Mark Diffley, social researcher, Catherine Stihler MEP, Alex Neil MSP and Kirsty Hughes, writer and commentator, explore how the individual nations of the United Kingdom may respond to Brexit. They reflect on the results of the referendum in which 62% of Scotish voters opted to remain in the European Union, and on the growing disparity between European politicians and voters across the continent.
This free course, From Brexit to the break-up of Britain?, sets the experience of Brexit in the context of the UK. It first analyses Brexit as a symptom of the political, economic and social geography of the UK, focusing on its uneven development in a country increasingly dominated by London and the South East of England. It then considers how the divisions within the UK (within England as well as between England, Scotland, Wales and Northern Ireland) were reflected in the voting patterns of the 2016 referendum. Finally, the course reflects on the implications of these short-term and long-term trends for the UK’s future as a multinational state.Learn more ❯From Brexit to the break-up of Britain?
Are we seeing the start of a new political, ideological and cultural order? Dr Eleni Andreouli weighs the evidence.Read now ❯Methods in Motion: An emerging politics of Brexit
What is happening with Northern Ireland's border and Brexit - and where are the negotiations going?Read now ❯Northern Ireland’s Brexit border: the promise of invisibility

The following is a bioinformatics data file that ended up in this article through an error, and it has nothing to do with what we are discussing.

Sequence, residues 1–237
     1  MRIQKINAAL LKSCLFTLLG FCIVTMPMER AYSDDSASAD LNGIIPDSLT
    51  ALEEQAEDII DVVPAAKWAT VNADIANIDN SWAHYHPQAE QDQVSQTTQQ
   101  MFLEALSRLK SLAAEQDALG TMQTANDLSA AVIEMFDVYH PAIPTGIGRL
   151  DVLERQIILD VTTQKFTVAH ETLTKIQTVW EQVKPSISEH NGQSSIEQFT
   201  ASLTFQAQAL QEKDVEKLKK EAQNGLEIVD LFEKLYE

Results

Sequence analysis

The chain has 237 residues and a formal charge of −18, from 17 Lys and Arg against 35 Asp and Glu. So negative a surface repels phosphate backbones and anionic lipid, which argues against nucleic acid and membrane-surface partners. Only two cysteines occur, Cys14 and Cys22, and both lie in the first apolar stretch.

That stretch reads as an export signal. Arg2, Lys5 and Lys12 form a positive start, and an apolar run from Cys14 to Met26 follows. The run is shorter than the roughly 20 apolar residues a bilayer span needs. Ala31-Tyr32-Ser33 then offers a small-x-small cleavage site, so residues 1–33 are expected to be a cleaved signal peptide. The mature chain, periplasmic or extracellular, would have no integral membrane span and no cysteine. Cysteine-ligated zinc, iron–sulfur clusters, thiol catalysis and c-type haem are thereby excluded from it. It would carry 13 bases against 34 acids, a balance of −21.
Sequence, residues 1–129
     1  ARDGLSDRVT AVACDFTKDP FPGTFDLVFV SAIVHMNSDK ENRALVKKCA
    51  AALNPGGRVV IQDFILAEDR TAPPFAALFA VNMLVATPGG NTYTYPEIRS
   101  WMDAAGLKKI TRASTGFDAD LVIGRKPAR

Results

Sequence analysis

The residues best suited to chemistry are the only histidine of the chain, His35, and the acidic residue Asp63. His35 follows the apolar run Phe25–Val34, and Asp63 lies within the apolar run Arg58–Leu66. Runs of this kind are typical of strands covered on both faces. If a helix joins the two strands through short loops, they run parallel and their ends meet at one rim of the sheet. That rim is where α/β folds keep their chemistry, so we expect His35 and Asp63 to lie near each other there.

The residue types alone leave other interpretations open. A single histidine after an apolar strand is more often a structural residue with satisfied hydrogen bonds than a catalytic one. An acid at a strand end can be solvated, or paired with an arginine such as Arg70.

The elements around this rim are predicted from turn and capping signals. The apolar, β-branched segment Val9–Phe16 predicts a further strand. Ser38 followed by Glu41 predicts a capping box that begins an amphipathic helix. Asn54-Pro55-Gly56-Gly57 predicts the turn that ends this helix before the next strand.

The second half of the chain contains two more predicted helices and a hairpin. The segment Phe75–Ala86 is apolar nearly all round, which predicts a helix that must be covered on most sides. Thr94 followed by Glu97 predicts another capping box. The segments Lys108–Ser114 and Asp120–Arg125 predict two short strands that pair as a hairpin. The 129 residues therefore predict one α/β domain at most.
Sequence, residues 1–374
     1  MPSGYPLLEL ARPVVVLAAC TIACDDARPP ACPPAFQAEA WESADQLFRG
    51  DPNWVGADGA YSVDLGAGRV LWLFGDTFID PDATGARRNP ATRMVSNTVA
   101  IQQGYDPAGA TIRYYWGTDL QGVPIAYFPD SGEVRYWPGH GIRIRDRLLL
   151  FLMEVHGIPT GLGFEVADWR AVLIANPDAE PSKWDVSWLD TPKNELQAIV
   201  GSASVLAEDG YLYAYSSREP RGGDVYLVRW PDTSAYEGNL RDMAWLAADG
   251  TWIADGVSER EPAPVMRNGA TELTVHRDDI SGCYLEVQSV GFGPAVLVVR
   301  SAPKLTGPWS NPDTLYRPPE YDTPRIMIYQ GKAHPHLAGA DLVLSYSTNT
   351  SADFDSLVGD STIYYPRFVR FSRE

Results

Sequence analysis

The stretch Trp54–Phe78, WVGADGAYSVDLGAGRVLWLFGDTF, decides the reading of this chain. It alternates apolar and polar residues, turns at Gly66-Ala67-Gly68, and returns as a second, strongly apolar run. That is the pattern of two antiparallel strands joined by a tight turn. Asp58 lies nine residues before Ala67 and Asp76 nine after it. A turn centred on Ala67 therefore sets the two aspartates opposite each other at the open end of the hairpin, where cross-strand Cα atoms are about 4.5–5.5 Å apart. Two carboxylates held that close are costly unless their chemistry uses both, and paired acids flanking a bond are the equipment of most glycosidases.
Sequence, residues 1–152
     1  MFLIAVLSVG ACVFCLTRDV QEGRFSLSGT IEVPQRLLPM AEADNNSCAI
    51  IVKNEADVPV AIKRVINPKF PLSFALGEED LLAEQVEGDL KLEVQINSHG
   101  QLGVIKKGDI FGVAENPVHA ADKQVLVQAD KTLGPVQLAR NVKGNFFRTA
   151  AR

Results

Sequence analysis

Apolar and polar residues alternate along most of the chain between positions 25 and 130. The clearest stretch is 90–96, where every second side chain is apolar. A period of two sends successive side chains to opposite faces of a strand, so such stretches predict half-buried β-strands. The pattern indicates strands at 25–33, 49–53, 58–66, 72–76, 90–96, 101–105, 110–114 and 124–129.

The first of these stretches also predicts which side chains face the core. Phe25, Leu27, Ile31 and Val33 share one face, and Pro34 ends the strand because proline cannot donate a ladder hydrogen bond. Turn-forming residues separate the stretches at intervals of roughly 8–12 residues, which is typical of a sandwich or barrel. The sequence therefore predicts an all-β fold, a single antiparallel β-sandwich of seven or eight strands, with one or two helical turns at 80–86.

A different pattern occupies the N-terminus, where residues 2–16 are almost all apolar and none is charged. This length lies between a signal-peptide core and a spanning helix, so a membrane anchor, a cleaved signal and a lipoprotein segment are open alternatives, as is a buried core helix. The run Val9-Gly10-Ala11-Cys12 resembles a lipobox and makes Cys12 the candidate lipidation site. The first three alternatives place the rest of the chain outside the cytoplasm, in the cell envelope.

Learn about the EU and how it extends, limits or replaces the work of national governments, in the opening video of the Student Hub Live Brexit special.Watch now ❯What is the EU? - Student Hub Live's Brexit Special
Where do social order (and disorder) come from? How can we make ourselves richer, and does society always gain? What does justice mean, how do we define our rights? Politics, philosophy and economics (PPE) – and the ideas and values that inform them – are central to how modern societies are organised and governed. This degree explores fundamental questions of power and ideology, beliefs and values, and how income and wealth are produced and distributed. As well as gaining insight into debates that dominate the daily news, you’ll learn a range of skills and techniques to help you analyse and contribute to the discussion. You’ll also gain a deeper understanding of the way arguments (and public policies) are constructed in theory and tested in practice. These analytical and critical skills are highly valued by employers in a broad range of occupations, across the private and public sectors.Learn more ❯BA (Honours) Politics, Philosophy and Economics